How Cyrus Mistry weaves hope into The Prospect of Miracles

Book review by Namrata



Title: The Prospect of Miracles

Author: Cyrus Mistry

Published by: Aleph Book Company, 2019


The Prospect of Miracles revolves around the life of Pastor Pius Philipose or rather, his death. Interestingly, in this long-awaited novel, author Cyrus Mistry’s primary character is a dead man. His seemingly natural death is perceived as unexpected to his adorners while his wife experiences the opposite. The rest of the story is about what everyone including his wife think of him.

Mistry — the novelist, needs no introduction. His novel Chronicle of a Corpse Bearer won the DSC Prize for South Asian Literature in 2014 while his other works have also won many awards and accolades. However, it must be noted that this is the first time, he has moved beyond writing about the Parsi community. Almost all his previous works revolved around the culture, with primary characters also being Parsi. His early works were clear reflection of all his observations of growing up as a Parsi in Mumbai. Few years ago, he moved to a non-descript location in South India which seems to have largely inspired him to write this story.

Set in Kerala, the story has the fragrances of that state neatly wrapped within. From lush cardamom farms, to the coconut trees swinging in the air. From the delectable flavours of the local delicacies cooked in coconut oil to the festive celebrations throughout the year — this story has it all in the backdrop while the core story unravels for the reader. While talking about the culture and traditions of Kerala, he also talks about the oppression and the staunch belief system prevalent there.

Reading Cyrus Mistry’s work is like walking through years of patriarchy prevalent in our society. Clearly reminiscent of one the many characters from Anita Nair’s literary gem Ladies Coupe, this book promises to leave a reader perplexed. With a complex array of characters and a non-symmetrical plot line, Mistry invites you in a world which is so similar to the real world and yet so different.

Growing up we have been always taught how we should never talk ill about the deceased. But what if we have no good memories of the dead? What if pain, hurt and anger are the only ways we relate to them? Picking up bits and pieces from real life, Mistry weaves a narrative that is raw and riveting. His writing stings at a few places reflecting Mary Agnes’ anger while at places it is soothing just like the way the villagers remember Pastor Pius Philipose.

When a woman talks about her husband in a poor light, one is quick to assume that he is a drunkard, a wife beater or worse, a foul mouthed, short-tempered person. Strangely, in Mary Agnes’s case, her husband is none of the above and yet his abuse broke her in indescribable ways. Abuse need not always be physical. This book is a testimony to that fact.  Page after page, as Mary tries to reconstruct certain incidents to remember her husband, she cannot help but notice the stark differences in the two versions of reality that exists in the minds of people and her own mind. Grappling with the loss of her tormentor, coupled with the loneliness due to the absence of her only son, leaves Mary devastated. Her pain is highly relatable and pushes a reader to question their opinion about the Pastor, halfway through the novel.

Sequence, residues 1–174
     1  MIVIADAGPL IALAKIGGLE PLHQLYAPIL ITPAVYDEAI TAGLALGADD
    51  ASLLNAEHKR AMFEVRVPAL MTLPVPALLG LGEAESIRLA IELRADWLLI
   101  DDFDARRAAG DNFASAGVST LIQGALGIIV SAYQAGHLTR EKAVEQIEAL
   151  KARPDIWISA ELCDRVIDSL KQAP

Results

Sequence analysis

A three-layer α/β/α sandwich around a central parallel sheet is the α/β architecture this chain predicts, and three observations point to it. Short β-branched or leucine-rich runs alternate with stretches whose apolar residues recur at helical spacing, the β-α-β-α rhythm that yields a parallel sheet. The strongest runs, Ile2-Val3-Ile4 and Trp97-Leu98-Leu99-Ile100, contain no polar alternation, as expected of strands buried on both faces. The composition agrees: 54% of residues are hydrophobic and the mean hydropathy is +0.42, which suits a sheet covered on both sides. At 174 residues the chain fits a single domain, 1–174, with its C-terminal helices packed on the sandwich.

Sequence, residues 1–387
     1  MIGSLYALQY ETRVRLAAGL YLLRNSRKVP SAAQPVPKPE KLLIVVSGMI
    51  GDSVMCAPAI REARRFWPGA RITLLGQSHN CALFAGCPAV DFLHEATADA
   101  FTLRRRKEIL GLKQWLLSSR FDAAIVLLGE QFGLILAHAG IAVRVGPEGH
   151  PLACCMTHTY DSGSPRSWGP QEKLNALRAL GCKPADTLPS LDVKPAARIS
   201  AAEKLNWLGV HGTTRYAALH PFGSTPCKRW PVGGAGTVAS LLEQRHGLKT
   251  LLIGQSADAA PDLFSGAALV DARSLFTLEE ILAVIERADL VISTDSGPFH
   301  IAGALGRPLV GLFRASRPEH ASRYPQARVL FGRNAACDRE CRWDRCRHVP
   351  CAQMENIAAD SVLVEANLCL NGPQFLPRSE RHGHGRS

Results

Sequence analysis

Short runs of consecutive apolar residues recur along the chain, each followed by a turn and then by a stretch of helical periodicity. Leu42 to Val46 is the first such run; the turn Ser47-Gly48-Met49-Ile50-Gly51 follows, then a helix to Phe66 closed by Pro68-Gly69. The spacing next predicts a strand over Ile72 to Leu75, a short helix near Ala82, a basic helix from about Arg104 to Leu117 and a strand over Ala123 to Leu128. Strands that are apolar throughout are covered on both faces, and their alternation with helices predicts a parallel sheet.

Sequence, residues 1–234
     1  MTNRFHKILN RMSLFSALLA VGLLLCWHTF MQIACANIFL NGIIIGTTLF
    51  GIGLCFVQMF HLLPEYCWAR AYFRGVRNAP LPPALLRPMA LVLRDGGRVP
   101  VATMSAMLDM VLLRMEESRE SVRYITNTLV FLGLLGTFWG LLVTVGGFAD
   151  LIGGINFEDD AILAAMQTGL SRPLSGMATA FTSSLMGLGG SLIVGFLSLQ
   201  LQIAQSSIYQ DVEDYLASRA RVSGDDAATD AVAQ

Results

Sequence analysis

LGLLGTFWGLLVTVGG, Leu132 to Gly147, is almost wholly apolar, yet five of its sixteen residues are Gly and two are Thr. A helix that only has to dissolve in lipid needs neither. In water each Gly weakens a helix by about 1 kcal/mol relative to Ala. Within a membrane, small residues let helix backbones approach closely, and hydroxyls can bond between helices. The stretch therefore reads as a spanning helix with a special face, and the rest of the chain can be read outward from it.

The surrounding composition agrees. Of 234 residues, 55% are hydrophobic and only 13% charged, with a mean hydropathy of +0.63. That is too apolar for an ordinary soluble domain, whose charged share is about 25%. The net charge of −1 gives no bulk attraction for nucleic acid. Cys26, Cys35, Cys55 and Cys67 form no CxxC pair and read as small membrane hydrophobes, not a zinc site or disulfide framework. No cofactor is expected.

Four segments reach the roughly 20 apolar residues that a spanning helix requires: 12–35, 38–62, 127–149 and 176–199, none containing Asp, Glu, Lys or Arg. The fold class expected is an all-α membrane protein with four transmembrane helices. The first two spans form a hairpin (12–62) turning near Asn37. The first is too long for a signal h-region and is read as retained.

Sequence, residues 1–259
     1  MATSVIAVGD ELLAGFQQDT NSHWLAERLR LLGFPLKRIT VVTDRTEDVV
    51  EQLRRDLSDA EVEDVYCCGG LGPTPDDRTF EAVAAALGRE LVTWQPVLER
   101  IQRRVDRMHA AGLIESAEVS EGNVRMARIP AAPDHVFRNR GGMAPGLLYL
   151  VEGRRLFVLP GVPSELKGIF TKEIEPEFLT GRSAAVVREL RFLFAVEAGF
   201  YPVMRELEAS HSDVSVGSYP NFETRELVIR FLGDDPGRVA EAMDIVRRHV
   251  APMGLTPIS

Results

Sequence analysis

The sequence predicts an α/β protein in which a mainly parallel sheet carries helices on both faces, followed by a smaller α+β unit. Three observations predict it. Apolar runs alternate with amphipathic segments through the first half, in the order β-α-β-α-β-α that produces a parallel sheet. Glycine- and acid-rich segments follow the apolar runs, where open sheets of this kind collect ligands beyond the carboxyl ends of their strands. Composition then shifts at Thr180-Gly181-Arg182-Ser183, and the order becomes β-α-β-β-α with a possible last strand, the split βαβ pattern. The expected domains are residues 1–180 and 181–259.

Pastor Pius Philipose comes across as a classic narcissist who verbally abuses his wife, belittles her and makes her feel insignificant all the while portraying a larger than life role on the outside. He seems to glide between these two personalities effortlessly, to an extent that there are times when Mary actually questions herself for thinking like this about him. Adding to it, their dysfunctional marriage adds trauma to the life of their only son Mark who chooses to walk away from this chaos leaving behind a trail of never-ending questions. Weaving across themes of grief and abuse, Mistry’s tale makes for a poignant read. Mary’s struggle to accept the damage done to her is heart-wrenching, reminding you how emotional abuse cripples an individual for a lifetime.

The author has used the title to show us how as humans we are bound to be eternally hopeful — hopeful of a good day tomorrow, of the bad changing for good and of hurt turning into joy. The title depicts the eternal hope Mary Agnes lived with till the death of her husband, how she expected there to be a miracle, that he would change for the better.  It also depicts, how her hope died a silent death every single day, till there was no more hope left within her.

Mistry gives us a glimpse of the ugly side of a marriage, which leaves the reader distressed. Through his powerful writing he shows us how domestic abuse is prevalent in different strata of society and manages to stay hidden for years. Women have been taught to hold onto their marriages with the tightest rope, making way for such abusers to get away with their deeds. This dark and disturbing read is a strong reminder of what is wrong with our society and what impact it can have on our lives.


Namrata is a lost wanderer who loves travelling the length and breadth of the world. She lives amidst sepia toned walls, fuchsia curtains, fairy lights and shelves full of books. When not buried between the pages of a book, she loves blowing soap bubbles. A published author she enjoys capturing the magic of life in her words and is always in pursuit of a new country and a new story. She can be reached at


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